Excerpt from John 7:53 – 8:11
“And Jesus said, ‘Neither do I condemn you. Go your way, and from now on do not sin again.'”
Reflection by Donna Schaper
“You are not your fault,” said Anne Lamott. So then whose fault are we? Frankly, is there any fault? The question of blame has all but taken over our conversation. If I get sick, what did I do to cause it? If there is a deficit, what did I do to make it happen? If I get pregnant and am 14, there is a lot said on television about what I did to cause my fertility to be fertile at an inopportune time.
What would life be like if we lived beyond and without blame? First of all, our days would be happier. We would lean forward rather than back into our loss and resentments. Secondly, we would blame fewer victims and be angrier with corporations for stealing our money and with Fox News for its war on women and girls. In congregations, we would not blame the pastor for not “growing” the church and learn ways to be responsible to each other and not for each other. We would know the attitude of lovingly mystified indifference, normally attributed only to the most mature Buddhist monks. Finally, we would live like Jesus, who knew only how to love and lead and seemed to have missed the course in blame and condemnation.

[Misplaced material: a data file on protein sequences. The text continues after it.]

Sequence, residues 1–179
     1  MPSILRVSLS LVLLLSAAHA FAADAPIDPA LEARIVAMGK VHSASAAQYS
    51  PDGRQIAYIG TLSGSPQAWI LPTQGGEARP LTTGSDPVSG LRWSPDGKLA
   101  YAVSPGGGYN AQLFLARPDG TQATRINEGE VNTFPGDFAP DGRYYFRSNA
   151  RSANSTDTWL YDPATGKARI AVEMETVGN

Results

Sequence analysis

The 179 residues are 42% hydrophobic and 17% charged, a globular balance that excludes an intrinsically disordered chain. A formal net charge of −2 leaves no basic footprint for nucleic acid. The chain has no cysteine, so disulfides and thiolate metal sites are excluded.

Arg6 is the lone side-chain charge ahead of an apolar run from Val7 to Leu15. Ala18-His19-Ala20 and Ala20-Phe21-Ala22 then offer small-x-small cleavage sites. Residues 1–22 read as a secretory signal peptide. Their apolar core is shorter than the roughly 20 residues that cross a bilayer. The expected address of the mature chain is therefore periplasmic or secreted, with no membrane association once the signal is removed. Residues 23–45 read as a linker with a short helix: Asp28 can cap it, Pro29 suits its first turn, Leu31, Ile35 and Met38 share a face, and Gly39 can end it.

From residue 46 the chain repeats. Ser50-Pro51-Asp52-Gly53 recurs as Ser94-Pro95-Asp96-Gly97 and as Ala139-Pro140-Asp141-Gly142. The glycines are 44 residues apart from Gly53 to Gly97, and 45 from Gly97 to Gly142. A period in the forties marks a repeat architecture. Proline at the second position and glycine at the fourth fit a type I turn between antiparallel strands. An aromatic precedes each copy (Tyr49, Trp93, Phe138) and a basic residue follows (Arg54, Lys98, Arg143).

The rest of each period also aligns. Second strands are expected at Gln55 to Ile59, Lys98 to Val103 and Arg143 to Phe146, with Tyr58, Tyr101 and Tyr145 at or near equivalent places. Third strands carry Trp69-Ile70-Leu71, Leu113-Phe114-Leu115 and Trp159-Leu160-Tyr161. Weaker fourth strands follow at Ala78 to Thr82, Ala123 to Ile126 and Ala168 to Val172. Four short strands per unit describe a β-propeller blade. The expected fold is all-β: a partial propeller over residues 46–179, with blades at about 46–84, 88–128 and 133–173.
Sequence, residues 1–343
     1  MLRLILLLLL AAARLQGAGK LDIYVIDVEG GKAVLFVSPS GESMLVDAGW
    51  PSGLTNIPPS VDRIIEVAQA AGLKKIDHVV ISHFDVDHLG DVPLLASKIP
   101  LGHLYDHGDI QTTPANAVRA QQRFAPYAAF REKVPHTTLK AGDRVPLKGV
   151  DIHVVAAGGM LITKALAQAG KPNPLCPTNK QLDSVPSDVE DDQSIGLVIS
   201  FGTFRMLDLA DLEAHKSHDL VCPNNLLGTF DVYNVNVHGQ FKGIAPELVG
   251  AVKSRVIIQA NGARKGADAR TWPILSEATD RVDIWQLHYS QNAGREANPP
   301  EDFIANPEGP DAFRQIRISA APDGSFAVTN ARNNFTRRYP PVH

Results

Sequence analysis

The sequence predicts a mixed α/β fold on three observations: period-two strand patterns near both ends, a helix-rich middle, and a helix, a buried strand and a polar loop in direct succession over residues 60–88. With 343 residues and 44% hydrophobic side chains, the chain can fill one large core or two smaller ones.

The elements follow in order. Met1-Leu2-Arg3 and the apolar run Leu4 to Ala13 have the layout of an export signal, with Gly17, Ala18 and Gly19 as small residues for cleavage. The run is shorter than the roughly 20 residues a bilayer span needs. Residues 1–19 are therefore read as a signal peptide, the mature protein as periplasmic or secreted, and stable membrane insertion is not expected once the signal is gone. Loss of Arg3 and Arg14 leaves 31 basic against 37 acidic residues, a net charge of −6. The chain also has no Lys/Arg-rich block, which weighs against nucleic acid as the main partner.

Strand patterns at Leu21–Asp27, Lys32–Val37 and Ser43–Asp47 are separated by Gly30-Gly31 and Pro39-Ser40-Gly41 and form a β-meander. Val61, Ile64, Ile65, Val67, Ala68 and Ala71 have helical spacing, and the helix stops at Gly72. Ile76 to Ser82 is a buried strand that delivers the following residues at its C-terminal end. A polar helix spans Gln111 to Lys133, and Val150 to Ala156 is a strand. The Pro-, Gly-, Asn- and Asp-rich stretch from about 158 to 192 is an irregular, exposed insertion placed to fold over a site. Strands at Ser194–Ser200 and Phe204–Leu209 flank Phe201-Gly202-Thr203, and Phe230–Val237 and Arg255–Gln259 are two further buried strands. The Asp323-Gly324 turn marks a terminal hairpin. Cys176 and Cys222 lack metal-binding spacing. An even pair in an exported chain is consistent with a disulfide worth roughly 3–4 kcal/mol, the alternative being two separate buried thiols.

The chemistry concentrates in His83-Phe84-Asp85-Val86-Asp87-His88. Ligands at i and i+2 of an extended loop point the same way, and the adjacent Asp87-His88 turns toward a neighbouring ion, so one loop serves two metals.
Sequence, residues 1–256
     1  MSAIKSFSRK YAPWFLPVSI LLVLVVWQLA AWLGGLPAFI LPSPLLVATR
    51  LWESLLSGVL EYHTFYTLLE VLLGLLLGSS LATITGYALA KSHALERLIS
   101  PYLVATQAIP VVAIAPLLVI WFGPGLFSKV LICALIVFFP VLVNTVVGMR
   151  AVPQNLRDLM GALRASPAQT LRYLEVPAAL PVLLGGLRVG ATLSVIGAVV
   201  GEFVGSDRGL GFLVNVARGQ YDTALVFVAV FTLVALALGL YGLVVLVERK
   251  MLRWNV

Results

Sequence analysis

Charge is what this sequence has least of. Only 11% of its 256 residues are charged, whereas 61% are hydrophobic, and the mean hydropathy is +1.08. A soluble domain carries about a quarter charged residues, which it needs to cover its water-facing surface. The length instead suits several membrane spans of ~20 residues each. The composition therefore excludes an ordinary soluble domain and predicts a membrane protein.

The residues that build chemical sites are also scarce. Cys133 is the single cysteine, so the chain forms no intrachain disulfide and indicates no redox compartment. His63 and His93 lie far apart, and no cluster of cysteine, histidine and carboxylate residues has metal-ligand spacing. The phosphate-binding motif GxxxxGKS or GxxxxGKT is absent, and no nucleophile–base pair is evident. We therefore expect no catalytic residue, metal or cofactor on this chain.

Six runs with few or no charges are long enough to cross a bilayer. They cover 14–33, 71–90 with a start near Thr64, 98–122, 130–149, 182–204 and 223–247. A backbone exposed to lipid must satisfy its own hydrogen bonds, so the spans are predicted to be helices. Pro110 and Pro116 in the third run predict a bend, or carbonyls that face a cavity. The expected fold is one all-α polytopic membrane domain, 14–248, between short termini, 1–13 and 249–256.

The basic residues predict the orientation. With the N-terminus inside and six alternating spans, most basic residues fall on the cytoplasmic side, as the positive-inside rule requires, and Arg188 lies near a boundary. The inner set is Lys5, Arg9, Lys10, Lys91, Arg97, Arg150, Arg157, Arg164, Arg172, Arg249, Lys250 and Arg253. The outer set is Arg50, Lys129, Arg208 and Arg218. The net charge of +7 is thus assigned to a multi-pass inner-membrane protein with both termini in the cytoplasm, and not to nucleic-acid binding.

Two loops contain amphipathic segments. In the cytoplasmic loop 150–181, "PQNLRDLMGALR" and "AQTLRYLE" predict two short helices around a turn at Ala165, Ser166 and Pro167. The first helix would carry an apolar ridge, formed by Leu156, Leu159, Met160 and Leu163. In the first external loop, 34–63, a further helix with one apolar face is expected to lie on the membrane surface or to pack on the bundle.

Both right and left had a field day blaming each other for the Tucson deaths and the shooting of Congresswoman Gabrielle Giffords. Am I the only one amazed that when she first found her speech she asked for toast, not revenge? Doesn’t toast seem like a funny thing to want after you have nearly been killed? Roger Rosenblatt, in Making Toast, tells us he enjoys making toast for his grandchildren, after the untimely death of their mother and his daughter. Most of the time we put condemnation and exterminationist violence into the word toast. “I wish they were toast,” we’ll say. Jesus says something different. “Neither do I blame you.” Living without blame means we can also live without revenge…and share a piece of bread together, every now and then, under the most difficult of circumstances.
O God, teach us to love making toast with each other. Let the blame game be exterminated and let the rest of us live. Amen.
About the Author
Donna Schaper is Senior Minister of Judson Memorial Church, New York, New York.
Live simply. Love generously.
Care deeply. Speak kindly.
Leave the rest to God.
“The Lord sets the prisoners free; the Lord opens the eyes of the blind. The Lord lifts up those who are bowed down; the Lord loves the righteous. The Lord watches over the strangers; [the Lord] upholds the orphan and the widow.”
– Psalm 146:7-9
“I trace the rainbow through the rain and see the promise is not in vain.”
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